Here are 4 things to keep in mind when positioning your teams to do groundbreaking work
I’ve been working with the Florida Department of Transportation (FDOT) for more than 18 years. Recently, our team was recognized with very high marks on several projects we delivered for District 2 and 4.
While we love seeing high marks, what do these rankings mean? What did we do to achieve the high marks? And, more importantly, how does it relate to doing innovative engineering design work?
I was asked by my colleagues how our team achieved these high ratings—and my answer was simple: It’s about designing it right the first time. Understanding the client’s expectations is huge, and once you understand them, you really must commit to beating those expectations.
You need to show a commitment to exceeding expectations by demonstrating a knowledge of the latest changes to the design code, the client’s practices, policies, manuals, and incorporating all of that into your design. I’ve found that if I am proactive, heed lessons learned, and keep my ears to the ground with industry partners, it is the formula for earning the District’s trust—and that’s where the opportunity to innovate came about for my team.
A pile foundation on the US 17 Trout River Bridge in Florida shows deteriorating concrete and exposed rebar.
Design innovation is a risk—make sure it’s a calculated risk
For one of our recent District 2 projects—the US 17 over Trout River bridge rehabilitation—we capitalized on the trust we had built previously with the client.
The team proposed the use of an innovative material under FDOT’s Transportation Innovation Initiative. During construction, we collaborated with the construction partner and determined _q_tweetable:Are your clients comfortable experimenting with you? Do they trust you?_q_that this was a perfect pilot opportunity to try Glass Fiber Reinforced Polymer (GFRP) reinforcement in the substructure (in select locations). In a typical project like this, the “status quo” is to use carbon steel to reinforce the bridge (with steel rebar). However, steel rebar gets corroded in a marine environment, making the life of these structures very short. Because of schedule constraints, we camped out in the client’s office and worked out all the specs and details to make it happen.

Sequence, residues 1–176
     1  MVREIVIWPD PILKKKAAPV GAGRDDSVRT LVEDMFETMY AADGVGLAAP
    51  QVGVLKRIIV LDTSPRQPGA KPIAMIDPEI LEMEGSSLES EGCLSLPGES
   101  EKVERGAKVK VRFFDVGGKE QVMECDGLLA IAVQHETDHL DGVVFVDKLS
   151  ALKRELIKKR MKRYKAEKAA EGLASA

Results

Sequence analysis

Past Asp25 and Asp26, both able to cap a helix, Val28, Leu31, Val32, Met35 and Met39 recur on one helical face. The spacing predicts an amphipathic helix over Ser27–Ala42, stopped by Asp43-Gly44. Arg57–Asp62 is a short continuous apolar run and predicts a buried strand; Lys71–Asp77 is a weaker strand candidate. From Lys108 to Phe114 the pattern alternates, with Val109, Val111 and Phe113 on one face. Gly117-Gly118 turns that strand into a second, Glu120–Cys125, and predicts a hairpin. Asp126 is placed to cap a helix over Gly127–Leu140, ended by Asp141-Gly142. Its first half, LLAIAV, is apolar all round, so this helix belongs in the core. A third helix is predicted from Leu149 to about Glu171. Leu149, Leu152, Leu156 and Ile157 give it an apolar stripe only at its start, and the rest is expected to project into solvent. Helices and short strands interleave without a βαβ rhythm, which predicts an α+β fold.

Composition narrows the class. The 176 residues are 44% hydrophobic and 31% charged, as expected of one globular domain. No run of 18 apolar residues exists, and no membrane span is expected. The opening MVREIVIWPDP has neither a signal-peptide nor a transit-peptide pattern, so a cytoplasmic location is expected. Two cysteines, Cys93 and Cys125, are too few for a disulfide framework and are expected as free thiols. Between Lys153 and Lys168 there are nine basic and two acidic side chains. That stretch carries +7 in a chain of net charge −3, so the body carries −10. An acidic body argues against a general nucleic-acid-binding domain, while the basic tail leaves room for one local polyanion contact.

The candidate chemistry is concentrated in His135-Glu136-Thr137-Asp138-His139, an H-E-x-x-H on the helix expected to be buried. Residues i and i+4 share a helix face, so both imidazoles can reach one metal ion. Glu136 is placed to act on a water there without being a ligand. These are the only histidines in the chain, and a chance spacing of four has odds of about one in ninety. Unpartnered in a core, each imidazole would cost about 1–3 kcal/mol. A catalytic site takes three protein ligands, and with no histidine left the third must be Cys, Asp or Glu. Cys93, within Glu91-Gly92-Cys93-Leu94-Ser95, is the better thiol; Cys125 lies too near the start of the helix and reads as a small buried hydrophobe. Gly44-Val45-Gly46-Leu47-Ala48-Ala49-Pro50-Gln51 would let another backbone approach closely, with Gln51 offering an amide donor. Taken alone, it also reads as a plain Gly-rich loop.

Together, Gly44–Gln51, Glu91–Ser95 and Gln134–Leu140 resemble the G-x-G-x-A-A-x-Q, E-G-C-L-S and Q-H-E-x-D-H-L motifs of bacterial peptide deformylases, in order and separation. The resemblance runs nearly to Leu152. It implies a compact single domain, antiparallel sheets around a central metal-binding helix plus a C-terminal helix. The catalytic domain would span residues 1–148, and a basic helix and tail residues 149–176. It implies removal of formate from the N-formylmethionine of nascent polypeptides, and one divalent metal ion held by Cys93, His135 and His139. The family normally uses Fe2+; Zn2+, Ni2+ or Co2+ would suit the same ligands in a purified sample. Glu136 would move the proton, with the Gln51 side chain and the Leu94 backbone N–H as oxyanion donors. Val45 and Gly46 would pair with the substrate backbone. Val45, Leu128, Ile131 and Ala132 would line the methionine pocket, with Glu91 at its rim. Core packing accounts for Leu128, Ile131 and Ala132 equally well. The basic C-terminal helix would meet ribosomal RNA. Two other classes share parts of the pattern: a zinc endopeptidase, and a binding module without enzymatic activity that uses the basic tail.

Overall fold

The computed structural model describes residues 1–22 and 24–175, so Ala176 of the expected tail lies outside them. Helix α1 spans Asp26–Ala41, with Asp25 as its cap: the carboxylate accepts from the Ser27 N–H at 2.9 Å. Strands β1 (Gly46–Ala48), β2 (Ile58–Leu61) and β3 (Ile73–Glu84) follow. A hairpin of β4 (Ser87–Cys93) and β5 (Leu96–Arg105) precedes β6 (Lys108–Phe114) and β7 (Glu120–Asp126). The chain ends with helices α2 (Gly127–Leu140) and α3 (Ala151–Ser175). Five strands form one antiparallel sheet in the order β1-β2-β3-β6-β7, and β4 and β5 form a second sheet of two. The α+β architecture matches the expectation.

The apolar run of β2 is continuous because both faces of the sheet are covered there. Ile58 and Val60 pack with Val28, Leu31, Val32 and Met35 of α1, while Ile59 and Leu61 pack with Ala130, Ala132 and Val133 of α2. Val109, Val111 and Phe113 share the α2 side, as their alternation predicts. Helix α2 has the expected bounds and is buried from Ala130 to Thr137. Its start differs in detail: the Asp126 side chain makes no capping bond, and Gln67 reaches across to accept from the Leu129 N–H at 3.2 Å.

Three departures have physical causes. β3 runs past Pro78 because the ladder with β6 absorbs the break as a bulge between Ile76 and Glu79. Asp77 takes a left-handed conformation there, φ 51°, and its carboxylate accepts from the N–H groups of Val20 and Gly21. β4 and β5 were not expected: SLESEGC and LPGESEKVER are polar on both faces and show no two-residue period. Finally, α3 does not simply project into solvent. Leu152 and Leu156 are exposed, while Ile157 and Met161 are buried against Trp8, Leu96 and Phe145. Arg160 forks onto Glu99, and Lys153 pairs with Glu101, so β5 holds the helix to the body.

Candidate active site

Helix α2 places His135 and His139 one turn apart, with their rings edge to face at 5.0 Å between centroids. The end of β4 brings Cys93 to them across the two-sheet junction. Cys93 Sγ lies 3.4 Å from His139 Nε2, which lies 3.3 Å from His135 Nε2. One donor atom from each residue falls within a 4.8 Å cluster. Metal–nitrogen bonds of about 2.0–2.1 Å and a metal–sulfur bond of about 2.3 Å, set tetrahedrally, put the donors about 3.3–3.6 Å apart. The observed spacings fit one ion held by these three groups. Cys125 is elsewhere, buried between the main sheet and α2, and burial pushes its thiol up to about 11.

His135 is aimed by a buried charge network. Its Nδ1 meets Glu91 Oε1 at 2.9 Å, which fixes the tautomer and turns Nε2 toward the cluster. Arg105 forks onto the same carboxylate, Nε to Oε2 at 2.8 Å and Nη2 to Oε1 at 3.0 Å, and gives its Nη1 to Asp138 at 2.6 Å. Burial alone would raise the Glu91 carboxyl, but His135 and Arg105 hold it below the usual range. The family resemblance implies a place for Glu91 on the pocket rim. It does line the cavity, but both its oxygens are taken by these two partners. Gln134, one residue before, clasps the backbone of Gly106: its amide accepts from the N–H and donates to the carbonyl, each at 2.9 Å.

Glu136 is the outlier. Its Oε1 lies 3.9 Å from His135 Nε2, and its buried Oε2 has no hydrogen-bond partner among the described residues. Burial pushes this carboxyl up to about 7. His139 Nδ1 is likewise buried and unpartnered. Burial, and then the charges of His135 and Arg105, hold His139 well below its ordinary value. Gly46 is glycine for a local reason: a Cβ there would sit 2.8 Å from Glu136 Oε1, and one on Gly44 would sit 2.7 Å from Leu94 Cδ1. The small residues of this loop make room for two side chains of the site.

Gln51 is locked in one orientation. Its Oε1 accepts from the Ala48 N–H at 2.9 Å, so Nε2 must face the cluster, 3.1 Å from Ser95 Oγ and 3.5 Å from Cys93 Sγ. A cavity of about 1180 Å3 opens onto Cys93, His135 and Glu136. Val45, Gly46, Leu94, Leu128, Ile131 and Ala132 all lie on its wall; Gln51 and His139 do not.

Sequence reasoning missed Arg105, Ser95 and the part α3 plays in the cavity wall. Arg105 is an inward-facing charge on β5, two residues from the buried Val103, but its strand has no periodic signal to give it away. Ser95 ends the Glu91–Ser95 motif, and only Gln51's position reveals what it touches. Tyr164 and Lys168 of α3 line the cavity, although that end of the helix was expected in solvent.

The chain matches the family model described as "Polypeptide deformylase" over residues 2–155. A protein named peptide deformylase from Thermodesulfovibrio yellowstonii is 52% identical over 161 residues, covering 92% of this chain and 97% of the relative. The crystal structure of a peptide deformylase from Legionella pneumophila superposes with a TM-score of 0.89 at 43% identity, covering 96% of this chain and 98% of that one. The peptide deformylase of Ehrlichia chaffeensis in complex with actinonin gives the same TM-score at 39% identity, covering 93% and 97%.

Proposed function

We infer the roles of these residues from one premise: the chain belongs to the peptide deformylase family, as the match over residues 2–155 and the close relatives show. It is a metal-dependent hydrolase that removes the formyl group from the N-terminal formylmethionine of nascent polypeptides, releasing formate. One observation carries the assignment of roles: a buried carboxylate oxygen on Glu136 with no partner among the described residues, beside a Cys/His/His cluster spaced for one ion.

Of course, there was some risk on our part. Using new technology or materials can present challenges. But, in the end, it paid off for our team. We received a constructability grade of 4.8 out of 5.0 from FDOT District 2 in 2016.
My biggest takeaway: don’t be afraid to try new approaches. Oftentimes, newer practices or materials have a longer shelf life (resulting in saving taxpayer dollars) and it results in a project you will be proud of for decades to come. For those reasons, it’s well worth taking the risk. When you assist clients with embracing new technology, you both benefit by becoming seen as industry leaders.
After: An innovative approach to correcting this deficiency features glass fiber reinforced polymer in the US 17 Trout River Bridge foundation.
How can your team position for innovative work?
- Be proactive by researching industry trends, approaches, technology, software, and materials.
- Vetting the trends by using research, list pros and cons, and interview industry peers about lessons learned.
- Provide constant communication with the client about any opportunities to capitalize on new information.
- Take a calculated risk!
In the end, the biggest factor in leading the engineering industry with truly innovative design work is twofold: 1) Are your clients comfortable experimenting with you? 2) Do they trust you?
If you and your team exceed expectations on your regular projects, your chances of being asked to take on pilot projects increases exponentially. And when you take on new technology then you start setting standards for the future of the industry, which is something that motivates me to give my best every day.
About the AuthorMore Content by Mohit Soni